The other day, Will and Jason told me about a Mohammad statue at the Supreme Court they heard about on This American Life. This was their way of saying, "We're curious, so you should go do a bunch of research on it. Let us know how that goes."
When I hear about depictions of Mohammad, I picture Muslims burning Aqua* CDs in the streets and boycotts of Danish"¦danishes.
But much to my surprise, the Danes aren't to blame this time around. The statue in question is, in fact, right in our very own Supreme Court building.
Let's start at the beginning.
A Court to Call Home
Despite its stature in the country's political and cultural landscape, the Supreme Court was something of a vagabond in its early years. When New York City was our capital, the Court met in the Merchants' Exchange Building, and when the capital moved to Philadelphia in 1790, the Court set up shop in Independence Hall, and then City Hall. When the federal government went off to Washington, the Court used the Capitol Building as a flophouse, but got bounced to a new chamber six different times during their stay.
Finally, in 1929, Chief Justice William Howard "I got stuck in the White House bathtub" Taft decided enough was enough and persuaded Congress to authorize the construction of a permanent home for the Court. Construction on the Supreme Court Building was completed in 1935, and the Court finally had a home to call its own after 146 years of existence.
Sculpture figures prominently in the Corinthian architecture of the Court Building. One chamber features a frieze decorated with a bas-relief sculpture by Adolph A. Weinman of eighteen influential law-givers. The south wall depicts Menes, Hammurabi, Moses, Solomon, Lycurgus, Solon, Draco, Confucius and Octavian, while the north wall depicts Napoleon Bonaparte, John Marshall, William Blackstone, Hugo Grotius, Louis IX, King John, Charlemagne, Justinian and, you guessed it, Mohammad.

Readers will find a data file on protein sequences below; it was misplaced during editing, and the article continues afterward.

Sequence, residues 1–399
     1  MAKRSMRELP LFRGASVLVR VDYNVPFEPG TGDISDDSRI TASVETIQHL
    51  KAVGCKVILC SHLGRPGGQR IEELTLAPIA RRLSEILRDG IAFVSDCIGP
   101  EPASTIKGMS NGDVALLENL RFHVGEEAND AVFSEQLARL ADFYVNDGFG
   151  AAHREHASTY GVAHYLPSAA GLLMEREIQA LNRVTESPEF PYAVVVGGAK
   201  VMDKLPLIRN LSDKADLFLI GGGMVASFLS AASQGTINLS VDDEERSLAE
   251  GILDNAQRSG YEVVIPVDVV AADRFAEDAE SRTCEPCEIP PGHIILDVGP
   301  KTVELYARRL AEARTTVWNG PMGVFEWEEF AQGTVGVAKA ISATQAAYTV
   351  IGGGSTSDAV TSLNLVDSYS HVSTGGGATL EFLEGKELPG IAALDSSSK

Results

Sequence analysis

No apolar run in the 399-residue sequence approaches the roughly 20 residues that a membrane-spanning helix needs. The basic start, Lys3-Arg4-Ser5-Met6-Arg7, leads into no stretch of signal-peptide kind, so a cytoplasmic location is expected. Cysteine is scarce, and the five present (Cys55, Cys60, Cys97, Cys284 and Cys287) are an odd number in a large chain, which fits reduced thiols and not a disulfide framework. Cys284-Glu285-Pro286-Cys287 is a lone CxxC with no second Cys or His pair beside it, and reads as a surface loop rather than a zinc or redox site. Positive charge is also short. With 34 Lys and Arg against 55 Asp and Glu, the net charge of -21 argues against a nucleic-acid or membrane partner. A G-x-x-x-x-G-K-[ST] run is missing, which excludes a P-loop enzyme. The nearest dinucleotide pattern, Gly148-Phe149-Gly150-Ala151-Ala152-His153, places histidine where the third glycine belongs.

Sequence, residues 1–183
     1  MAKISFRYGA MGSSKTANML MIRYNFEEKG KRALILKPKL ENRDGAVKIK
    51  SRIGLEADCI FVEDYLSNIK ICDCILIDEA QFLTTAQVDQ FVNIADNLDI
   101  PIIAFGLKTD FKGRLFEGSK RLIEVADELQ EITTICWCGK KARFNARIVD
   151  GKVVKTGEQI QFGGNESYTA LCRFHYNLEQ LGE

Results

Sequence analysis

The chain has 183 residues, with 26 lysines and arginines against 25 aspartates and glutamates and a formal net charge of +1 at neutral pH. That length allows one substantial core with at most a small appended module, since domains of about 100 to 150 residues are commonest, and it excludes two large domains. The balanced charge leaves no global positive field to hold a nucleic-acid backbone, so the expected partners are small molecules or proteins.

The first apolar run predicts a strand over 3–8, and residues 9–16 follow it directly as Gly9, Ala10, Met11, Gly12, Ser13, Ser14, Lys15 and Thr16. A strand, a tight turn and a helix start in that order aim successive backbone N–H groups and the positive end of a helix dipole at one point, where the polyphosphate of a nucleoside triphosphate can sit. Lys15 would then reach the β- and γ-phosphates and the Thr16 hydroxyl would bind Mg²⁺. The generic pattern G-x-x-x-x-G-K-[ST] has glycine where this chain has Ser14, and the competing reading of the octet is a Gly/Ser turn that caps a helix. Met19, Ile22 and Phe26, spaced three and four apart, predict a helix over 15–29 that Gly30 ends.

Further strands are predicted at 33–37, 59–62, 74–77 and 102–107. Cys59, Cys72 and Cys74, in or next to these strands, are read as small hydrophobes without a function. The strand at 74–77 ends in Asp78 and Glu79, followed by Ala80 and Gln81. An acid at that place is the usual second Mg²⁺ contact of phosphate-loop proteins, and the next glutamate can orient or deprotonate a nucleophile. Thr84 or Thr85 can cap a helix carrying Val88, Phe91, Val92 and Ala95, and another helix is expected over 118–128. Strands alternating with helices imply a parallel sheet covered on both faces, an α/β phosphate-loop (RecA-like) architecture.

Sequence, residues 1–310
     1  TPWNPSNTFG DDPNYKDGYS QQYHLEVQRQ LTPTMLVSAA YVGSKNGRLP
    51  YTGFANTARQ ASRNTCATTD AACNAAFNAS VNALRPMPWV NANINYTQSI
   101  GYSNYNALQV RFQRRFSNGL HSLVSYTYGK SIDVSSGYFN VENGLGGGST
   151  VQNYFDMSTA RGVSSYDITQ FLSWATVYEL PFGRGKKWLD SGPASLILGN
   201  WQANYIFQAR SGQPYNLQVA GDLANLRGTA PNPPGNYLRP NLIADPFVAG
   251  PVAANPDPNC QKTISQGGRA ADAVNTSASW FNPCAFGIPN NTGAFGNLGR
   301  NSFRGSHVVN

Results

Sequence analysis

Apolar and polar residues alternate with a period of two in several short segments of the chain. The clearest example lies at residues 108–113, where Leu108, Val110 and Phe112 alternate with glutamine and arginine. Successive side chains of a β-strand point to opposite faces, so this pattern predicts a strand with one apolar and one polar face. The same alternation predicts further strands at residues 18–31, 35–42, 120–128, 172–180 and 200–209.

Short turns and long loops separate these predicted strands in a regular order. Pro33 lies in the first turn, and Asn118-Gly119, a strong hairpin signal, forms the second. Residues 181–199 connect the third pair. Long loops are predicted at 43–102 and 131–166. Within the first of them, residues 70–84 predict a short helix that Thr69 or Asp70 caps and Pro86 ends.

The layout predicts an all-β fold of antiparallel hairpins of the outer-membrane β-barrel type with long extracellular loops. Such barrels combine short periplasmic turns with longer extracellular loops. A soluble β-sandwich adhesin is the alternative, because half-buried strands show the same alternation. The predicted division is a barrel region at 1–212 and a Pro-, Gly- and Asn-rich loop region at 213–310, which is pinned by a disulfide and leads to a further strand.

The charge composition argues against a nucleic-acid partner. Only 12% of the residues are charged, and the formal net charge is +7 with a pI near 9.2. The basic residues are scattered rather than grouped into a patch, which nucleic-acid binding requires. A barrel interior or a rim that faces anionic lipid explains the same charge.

Things were all well and good for a few decades, with no documented controversies over the sculpture that I could find. But then, in 1997, the fledgling Council on American-Islamic Relations brought their wrath to the Court, petitioning then-Chief Justice William Rehnquist to remove the sculpture. CAIR outlined their objections as thus:
1. Islam discourages its followers from portraying any prophet in artistic representations, lest the seed of idol worship be planted.
2. Depicting Mohammad carrying a sword "reinforced long-held stereotypes of Muslims as intolerant conquerors."
3. Building documents and tourist pamphlets referred to Mohammad as "the founder of Islam," when he is, more accurately, the "last in a line of prophets that includes Abraham, Moses and Jesus."
Rehnquist dismissed CAIR's objections, saying that the depiction was "intended only to recognize him [Mohammad] ... as an important figure in the history of law; it was not intended as a form of idol worship." He also reminded CAIR that "words are used throughout the Court's architecture as a symbol of justice and nearly a dozen swords appear in the courtroom friezes alone."
Rehnquist did make one concession, though, and promised the description of the sculpture would be changed to identify Mohammad as a "Prophet of Islam," not "Founder of Islam." The rewording also said that the figure is a "well-intentioned attempt by the sculptor to honor Mohammed, and it bears no resemblance to Mohammed."
The reasoning behind Rehnquist's rejection? For one, he believed that getting rid of any one sculpture would impair the artistic integrity of the frieze, and two, it's illegal to injure, in any way, an architectural feature of the Supreme Court Building.
Other Depictions of the Prophet
While the Qur'an forbids idolatry, it doesn't expressly forbid depictions of the Prophet. The prohibition on such depictions that we often hear about comes from hadith (oral traditions that supplement the Qur'an). Muslim groups have differing opinions on the prohibition, with Shi'a Muslims generally taking a more relaxed view than Sunnis. That said, there are more depictions of Mohammad in art out there than we'd think, from the US to Uzbekistan. Until the 1950s, there was even a statue of the Prophet at the Manhattan Appellate Courthouse, right on the front steps.
* Yes, they're the most famous Danes I could think of...